Summer is hands down my favorite season. There are so many things to love- long days, warm nights, barbecues, and trips to the beach, just to name a few. However, one thing I don’t love about summer is the prevalence of ticks. More specifically, deer ticks. Living in Pennsylvania, which boasts one of the highest number of reported Lyme Disease cases in the country, I have a healthy fear of deer ticks in the back of my mind any time I am outside.
I’ve already had Lyme Disease three times. Yes, three times. Those darn little ticks just seem to love me. The first time I had Lyme Disease it went undiagnosed for more than a year, and progressed to the third stage of the disease. At that point, I suffered a variety of symptoms, including extreme fatigue, joint swelling, and some peculiar neurological complaints. During my treatment I underwent a spinal tap, multiple MRI’s, and a two month course of IV antibiotics (this all took place while I was in my senior year of nursing school, which was a real hands on way to learn about how patients feel). I was very fortunate that my insurance company agreed to cover the IV antibiotics (which can be very difficult to get approved) and, while it took more than a year to regain my energy, I made a full recovery without long-term side effects (many others are not so lucky).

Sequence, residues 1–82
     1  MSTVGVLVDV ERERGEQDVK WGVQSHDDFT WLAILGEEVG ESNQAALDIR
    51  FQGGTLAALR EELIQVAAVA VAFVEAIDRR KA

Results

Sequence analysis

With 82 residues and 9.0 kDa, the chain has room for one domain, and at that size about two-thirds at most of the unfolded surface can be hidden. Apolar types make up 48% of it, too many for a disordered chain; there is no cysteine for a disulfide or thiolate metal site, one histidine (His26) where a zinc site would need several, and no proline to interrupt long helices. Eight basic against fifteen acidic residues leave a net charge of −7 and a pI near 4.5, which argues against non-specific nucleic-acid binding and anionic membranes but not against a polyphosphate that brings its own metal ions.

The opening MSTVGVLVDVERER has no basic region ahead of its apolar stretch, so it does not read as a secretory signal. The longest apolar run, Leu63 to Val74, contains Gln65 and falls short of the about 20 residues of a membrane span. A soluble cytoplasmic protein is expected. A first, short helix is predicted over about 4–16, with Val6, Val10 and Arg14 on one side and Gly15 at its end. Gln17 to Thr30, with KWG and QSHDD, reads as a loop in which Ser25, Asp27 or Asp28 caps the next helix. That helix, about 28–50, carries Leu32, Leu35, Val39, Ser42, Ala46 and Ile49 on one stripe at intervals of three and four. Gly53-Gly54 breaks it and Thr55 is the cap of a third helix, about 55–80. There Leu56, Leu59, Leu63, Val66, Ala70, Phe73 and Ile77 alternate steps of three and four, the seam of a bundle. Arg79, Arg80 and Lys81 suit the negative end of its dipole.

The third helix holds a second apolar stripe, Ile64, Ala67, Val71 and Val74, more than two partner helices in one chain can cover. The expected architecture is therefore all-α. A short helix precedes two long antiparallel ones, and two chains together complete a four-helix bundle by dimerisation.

I know exactly when I first contracted Lyme Disease. I did not develop a traditional Bulls-Eye rash, but I had found a strange, unexplained bruise on my upper thigh, experienced flu-like symptoms, and eventually had unexplained joint swelling. Unfortunately, the family practice doctor I was seeing at the time completely and repeatedly missed ALL of my symptoms. I was never tested for Lyme Disease until I saw an orthopedic doctor, more than a year after my initial onset of symptoms, for the joint swelling in my knee.
Looking back, I wish I and my family practice doctor had been educated on the early signs and symptoms of Lyme Disease. It would have saved me a lot of pain, time, and energy.
The CDC reports that early symptoms of Lyme Disease include:
- Red, expanding rash called erythema migrans (EM).
- Fatigue, chills, fever, headache, muscle and joint aches, and swollen lymph nodes.
If you think you may have been bitten by a tick and are experiencing any of these symptoms, make sure to be evaluated for Lyme Disease. You can see a full list of signs and symptoms of Lyme Disease from the CDC here.
Preventing tick bites is far better than treating any stage of Lyme Disease. Typically, ticks must be attached to the skin for 36 hours to transmit the disease and performing a thorough, daily tick check is crucial to preventing transmission of the bacteria. Bath time is a great time to check small children. If you do find a tick, safely extract it and then save it in case your doctor would like to test it.
Other ways to prevent tick bites include:
Avoid areas where ticks are prevalent, such as wooded areas and high grass.
If you have an outdoor pet, check them regularly as they can bring ticks into your home.
Wear bug repellent when engaging in outdoor activities.
Make sure to shower immediately after coming indoors.
Recently, we found two deer ticks on Isaac during his bath time. While I was horrified to see them attached to his skin, I was thankful that we had found them so quickly. Because we thoroughly check him every night, we knew the ticks had been on his skin for less than 24 hours and that there was a very low chance that they transmitted the disease. Fortunately, he never developed any symptoms.
As you enjoy summer and all of its joys, be careful and always check yourself and those you love for ticks!